Back to the Classics Challenge - 2016 Plans

I really enjoyed participating in the Back to the Classics Challenge this year and can't wait to start again in 2016. I was already making my reading plan for this upcoming year (which I hope to post soon too) before Karen posted the catagories and several of my selections have found a spot on this list but there are still a number categories that I hadn't decided on. So suggestions are welcome, especially lighter or easier ones. Looking at this list and my overall 2016 hope to read list, I'm in trouble. I've picked a lot of really long and/or heavy books and I'm not sure I'll be able to accomplish my goals. But I'll be trying!

Head over to Books and Chocolate for more info about the challenge and further explanation of the categories but here are my tentative choices (I changed several mid-way last year so who knows what I'll end up with this year).

1.  A 19th Century Classic - Brideshead Revisited

2.  A 20th Century Classic - A Man for All Seasons 

With the AO discussion group. 

3.  A classic by a woman author. Undecided

I've very tempted to put The Head of the House of Coombe or another of Francis Hodges Burnett's adult novels here. I just discovered them last year with The Shuttle for the challenge and then T. Tembarom which I finished last week. So I'm sure I'd enjoy another but I also want to use this challenge to find new authors so we'll see. 

4.  A classic in translation.  I, Promessi Sposi (The Betrothed)

I plan to read this along with the AO forum book discussion group. If I wasn't, I might pick Anna Karinana because I've read two different articles lately that mention it as a good read for a Christians to read, especially for its views on marriage which was interesting to me so that is on my maybe list for the year. Funnily enough, The Betrothed is also supposed to be a good book about marriage and apparently earlier this year Pope Francis recommended engaged couples read it before marriage. Apparently I'm just in a marriage themed translated book mood?

5.  A classic by a non-white author. Undecided.


6.  An adventure classic - Undecided. 

Well, is Waverly an adventure classic? It can be hard to tell if a book fits a category if one hasn't read it and don't want to read too many summary type things for fear of spoilers. Opinions? Or maybe I'll just have to read it to find out for myself but I've heard there is treason and an escape of some kind and that sounds adventurous to me. 

7.  A fantasy, science fiction, or dystopian classic. 

1984 was on my list last year for short novel but I ended up picking something else for that category instead. Will this be its year or will I move on yet again? Dystopian novels aren't really my thing but the point of this is to stretch me out of my normal reading zones.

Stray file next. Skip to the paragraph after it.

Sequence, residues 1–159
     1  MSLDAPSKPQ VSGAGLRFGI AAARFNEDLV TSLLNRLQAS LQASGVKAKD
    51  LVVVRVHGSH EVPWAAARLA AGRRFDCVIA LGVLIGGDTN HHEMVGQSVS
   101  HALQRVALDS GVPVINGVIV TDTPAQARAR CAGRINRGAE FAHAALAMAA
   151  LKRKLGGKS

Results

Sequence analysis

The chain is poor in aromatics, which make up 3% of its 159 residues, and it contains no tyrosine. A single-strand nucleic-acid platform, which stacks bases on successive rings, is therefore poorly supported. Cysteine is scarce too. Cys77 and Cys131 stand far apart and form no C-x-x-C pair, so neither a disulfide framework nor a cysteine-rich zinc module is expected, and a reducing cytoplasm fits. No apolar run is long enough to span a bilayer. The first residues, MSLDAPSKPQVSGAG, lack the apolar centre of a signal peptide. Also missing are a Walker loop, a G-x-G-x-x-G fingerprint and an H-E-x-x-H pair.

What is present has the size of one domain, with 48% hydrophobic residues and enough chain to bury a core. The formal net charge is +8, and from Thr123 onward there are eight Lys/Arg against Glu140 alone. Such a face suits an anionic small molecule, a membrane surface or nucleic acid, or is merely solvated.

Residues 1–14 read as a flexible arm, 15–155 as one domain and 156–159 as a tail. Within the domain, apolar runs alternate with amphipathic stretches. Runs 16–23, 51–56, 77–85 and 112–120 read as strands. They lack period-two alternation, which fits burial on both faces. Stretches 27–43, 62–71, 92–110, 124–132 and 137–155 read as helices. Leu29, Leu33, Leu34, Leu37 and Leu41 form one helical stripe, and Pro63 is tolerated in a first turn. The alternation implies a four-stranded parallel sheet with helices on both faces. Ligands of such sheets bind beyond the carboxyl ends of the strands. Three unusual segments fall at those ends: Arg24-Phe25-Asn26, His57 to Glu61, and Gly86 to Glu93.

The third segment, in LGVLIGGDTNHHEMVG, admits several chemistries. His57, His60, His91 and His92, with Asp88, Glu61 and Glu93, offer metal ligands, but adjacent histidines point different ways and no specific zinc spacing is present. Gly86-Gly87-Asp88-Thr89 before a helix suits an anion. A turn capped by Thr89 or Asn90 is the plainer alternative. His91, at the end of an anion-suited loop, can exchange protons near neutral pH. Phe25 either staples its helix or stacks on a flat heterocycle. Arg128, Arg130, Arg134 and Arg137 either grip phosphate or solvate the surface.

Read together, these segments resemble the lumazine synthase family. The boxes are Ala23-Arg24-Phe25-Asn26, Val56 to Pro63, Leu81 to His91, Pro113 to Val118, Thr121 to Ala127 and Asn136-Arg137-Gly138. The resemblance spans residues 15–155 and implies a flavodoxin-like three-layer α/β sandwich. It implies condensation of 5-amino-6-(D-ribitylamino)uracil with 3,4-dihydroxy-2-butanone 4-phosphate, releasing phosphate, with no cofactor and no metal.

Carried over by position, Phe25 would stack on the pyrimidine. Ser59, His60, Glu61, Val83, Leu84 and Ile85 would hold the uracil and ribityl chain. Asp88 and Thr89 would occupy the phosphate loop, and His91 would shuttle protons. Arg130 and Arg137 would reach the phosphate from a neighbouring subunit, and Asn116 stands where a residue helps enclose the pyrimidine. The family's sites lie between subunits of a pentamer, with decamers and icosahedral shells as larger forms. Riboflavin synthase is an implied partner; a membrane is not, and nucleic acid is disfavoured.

Update: Oh, I just remembered I'm also trying to read Utopia with the AO group too. Would that fit this category? Sometimes its hard to determine if a book fits if you haven't read it. I think it would so we'll go with that for now.

8.  A classic detective novel. A Woman in White

This was already on my 2016 list. I really enjoyed Wilkie Collins's other famous novel, the moonstone, last year. This one is long but I've heard it is worth it.

9.  A classic which includes the name of a place in the title. Bleak House

Another that was already on my 2016 list. I'm determined not to give up on Dickens so despite my not falling in love with A Tale of Two Cities last year, I want to read this. It sounds like something I would like and as far as I know, unlike A Tale of Two Cities, it hasn't been "spoiled" for me. And if I do finish it, I can reward myself by watching the mini-series. BBC is always a good motivator for me.

10. A classic which has been banned or censored. Undecided.

Would Where the Wild Things or The Night Kitchen count? Just kidding ;-) I've already read the ones that immediately came to mind (Huck Finn, To Kill a Mockingbird, etc) and I like my reads to be pretty clean in terms of sex and violence so I probably won't want to read anything that was banned for those reasons. Suggestions welcome here. 

11. Re-read a classic you read in school (high school or college).  Persuasion. 

I've been wanting to re-read it for a while. I can't remember how long its been since my last read. It has never been one of my favorite Austen novels (not that I dislike it, I don't dislike anything by Austen, even Northhanger Abbey) but my guess is that this one gets better as you age so I'm curious to see if it rises on my list after a re-read. 

12. A volume of classic short stories. 
I have no idea! Suggestions please! 

Update: I'm stealing someone else's idea of The Just So Stories. I've been meaning to pre-read it as Lucy will start it as part of AO year 1 soon and I've heard it is a lot easier to read aloud if you've practiced.